62% Brits oppose doctor strike plans, 28% support; 40% say current doctor pensions 'about right'
Over sixty per cent of the British public oppose British doctors' plans to strike, our poll shows, although almost a third are in support of their aims, and the public generally is split over whether doctors should be allowed to strike at all.
Doctors have voted to take industrial action for the first time since 1975 in protest at the Government's planned shakeup of their pensions.
The British Medical Association (BMA) has said ballots produced an overall majority in favour of strike action which is to take place on the 21st June - postponing all non-urgent work, such as outpatient appointments, in the process.
- 62% oppose doctors taking industrial action due to pension charges
- Over a quarter (28%) support the BMA’s decision to strike
- Just under half say that doctors should not have the right to strike (48%)
- Compared to a similar 44% who say doctors should be allowed to strike
The BMA has announced they will be taking industrial action after the Government's recent introduction of changes to the Health and Services Act – which critics say will involve doctors working for longer with higher contributions for a smaller pension. The BMA are indignant after negotiating with the Government in 2008 to produce a major reform of the NHS scheme that was, at the time, reportedly deemed fair and sustainable.
Should doctors' pensions be lowered?
From a strictly financial point of view, a strong majority of Britons believe that doctors are paid well, while one third of Brits feel the current pensions received by doctors are too high. Meanwhile, very few Britons currently believe that doctors' pensions are too low.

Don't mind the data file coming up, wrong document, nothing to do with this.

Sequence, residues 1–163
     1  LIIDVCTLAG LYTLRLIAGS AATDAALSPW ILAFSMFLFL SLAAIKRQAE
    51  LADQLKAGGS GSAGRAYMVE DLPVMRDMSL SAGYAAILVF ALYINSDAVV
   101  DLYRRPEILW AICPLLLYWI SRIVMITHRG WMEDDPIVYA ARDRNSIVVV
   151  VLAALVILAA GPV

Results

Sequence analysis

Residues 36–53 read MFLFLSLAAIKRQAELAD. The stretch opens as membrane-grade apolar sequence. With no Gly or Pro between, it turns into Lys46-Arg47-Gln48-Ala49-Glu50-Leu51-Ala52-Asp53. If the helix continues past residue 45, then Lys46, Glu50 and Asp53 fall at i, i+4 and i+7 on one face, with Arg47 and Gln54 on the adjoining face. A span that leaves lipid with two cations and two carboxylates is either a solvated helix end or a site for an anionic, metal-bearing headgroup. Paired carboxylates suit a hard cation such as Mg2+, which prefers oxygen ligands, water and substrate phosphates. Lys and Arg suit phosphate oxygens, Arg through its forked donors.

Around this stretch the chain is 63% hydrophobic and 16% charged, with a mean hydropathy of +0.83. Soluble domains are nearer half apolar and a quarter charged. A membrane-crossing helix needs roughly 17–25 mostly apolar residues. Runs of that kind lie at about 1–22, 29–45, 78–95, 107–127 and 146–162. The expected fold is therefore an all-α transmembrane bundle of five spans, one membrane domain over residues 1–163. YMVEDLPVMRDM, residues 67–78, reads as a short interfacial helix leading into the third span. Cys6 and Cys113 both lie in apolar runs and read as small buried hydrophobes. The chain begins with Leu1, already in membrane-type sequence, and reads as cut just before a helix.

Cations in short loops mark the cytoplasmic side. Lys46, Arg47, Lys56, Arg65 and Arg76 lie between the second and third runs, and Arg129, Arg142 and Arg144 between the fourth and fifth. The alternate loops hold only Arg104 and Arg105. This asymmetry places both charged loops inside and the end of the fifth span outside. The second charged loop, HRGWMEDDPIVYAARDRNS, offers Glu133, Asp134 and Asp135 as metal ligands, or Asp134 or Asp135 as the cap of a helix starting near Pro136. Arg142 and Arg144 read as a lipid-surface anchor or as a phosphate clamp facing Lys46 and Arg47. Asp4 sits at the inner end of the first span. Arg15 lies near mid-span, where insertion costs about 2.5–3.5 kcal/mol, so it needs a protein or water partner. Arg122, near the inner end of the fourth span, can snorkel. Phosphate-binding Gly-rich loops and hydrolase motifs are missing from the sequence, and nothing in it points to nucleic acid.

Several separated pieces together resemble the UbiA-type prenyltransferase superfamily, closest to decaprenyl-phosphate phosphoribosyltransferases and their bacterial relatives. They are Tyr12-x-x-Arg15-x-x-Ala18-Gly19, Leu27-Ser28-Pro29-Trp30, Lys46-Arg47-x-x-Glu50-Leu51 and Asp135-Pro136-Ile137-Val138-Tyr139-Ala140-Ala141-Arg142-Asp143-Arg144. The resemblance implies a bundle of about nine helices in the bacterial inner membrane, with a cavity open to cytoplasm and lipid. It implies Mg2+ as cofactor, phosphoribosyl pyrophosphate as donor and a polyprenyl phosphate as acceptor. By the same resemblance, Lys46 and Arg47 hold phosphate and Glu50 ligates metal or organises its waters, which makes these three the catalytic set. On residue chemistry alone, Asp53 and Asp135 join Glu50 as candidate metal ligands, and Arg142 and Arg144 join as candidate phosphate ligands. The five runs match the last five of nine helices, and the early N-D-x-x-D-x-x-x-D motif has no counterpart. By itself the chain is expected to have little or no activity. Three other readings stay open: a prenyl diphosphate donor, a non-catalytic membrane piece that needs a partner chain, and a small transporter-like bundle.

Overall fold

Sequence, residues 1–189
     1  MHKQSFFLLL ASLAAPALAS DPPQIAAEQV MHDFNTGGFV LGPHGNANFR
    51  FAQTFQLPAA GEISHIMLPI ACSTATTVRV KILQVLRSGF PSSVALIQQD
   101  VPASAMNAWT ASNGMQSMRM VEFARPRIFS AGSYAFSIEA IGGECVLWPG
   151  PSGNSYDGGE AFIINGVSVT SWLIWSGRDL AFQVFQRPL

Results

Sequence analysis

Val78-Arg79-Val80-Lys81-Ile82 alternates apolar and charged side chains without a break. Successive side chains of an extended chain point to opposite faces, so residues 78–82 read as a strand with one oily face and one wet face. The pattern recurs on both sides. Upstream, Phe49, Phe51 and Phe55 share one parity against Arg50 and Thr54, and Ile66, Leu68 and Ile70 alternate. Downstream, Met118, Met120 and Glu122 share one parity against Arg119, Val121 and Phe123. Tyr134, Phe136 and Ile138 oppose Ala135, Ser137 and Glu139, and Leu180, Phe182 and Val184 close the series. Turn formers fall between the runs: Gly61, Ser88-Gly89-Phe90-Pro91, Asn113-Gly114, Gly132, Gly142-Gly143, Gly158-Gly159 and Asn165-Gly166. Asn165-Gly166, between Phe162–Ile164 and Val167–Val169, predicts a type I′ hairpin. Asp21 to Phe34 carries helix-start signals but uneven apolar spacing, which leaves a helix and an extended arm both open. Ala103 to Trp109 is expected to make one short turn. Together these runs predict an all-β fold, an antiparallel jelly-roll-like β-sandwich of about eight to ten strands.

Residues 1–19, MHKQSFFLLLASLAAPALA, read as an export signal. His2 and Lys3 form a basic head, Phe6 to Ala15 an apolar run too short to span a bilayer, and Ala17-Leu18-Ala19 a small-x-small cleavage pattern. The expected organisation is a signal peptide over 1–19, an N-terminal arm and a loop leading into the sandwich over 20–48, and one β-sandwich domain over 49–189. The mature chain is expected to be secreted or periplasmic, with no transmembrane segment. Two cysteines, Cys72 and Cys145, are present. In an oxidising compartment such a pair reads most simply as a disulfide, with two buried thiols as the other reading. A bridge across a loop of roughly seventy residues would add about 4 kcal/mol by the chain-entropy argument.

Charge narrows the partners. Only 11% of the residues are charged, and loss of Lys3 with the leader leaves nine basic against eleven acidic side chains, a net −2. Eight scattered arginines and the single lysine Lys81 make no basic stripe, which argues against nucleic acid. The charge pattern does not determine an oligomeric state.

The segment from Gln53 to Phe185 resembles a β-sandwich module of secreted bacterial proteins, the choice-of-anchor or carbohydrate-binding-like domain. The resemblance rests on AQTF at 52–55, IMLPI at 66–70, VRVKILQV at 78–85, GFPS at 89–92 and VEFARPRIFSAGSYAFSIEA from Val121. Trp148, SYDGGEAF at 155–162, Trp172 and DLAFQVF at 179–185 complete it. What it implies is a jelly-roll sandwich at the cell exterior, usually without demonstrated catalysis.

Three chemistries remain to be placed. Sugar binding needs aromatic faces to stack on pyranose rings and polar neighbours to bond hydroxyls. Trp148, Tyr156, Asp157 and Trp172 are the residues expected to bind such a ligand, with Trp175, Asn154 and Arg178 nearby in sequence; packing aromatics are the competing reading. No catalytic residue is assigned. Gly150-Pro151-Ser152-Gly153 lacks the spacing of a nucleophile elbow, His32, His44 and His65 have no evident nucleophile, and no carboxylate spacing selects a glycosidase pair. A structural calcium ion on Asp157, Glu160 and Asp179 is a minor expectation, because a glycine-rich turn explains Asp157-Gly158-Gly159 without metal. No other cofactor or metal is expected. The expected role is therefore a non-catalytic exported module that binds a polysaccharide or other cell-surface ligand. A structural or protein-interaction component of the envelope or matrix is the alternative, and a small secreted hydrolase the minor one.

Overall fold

- 92% of the British public feel that, generally speaking, doctors are well paid (33% fairly well paid, 59% very well paid)
- Only 4% feel doctors are badly paid
- While 40% feel the pensions doctors currently receive are about right
- 33% feel that the pensions doctors receive are too high
- And just 4% say the pensions doctors receive are too low
The vote to strike has been met with intense confrontation from ministers, who have given little ground to the BMA's position.
‘Damaging high esteem' of profession?
Critics of the strike have accused members of health unions of greed, and labelled their plans negligent ‒ putting patients' safety at risk for better rewards in an already lucrative position.
Writing in the Guardian, Dr. Dan Poulter, a part-time physician and Tory MP, has claimed that there can be no justification for a doctor striking; that the average doctor will still claim a pension that others could only 'dream of', and that the decision to strike will win them little public sympathy or support.
“It is time that the BMA woke up to reality and realised that its actions will damage the high esteem in which medical professionals are held, while harming the very people it is meant to help,” he said.
However, BMA Chairman Dr Hamish Meldrum denied patients would suffer, insisting that despite disruptions, doctors will ensure patient safety is protected during strikes, with doctors will continue to provide all urgent and emergency care.
Meldrum also described the strike action as a last resort, saying they were proceeding 'very reluctantly', with the BMA actually in theory preferring to negotiate a fairer solution. “This clear mandate for action reflects just how let-down doctors feel by the Government’s unwillingness to find a fairer approach to the pension changes,” he has said.
However, Health Secretary Andrew Lansley has so far refused to give in to complaints, stating that the deal on offer is not negotiable.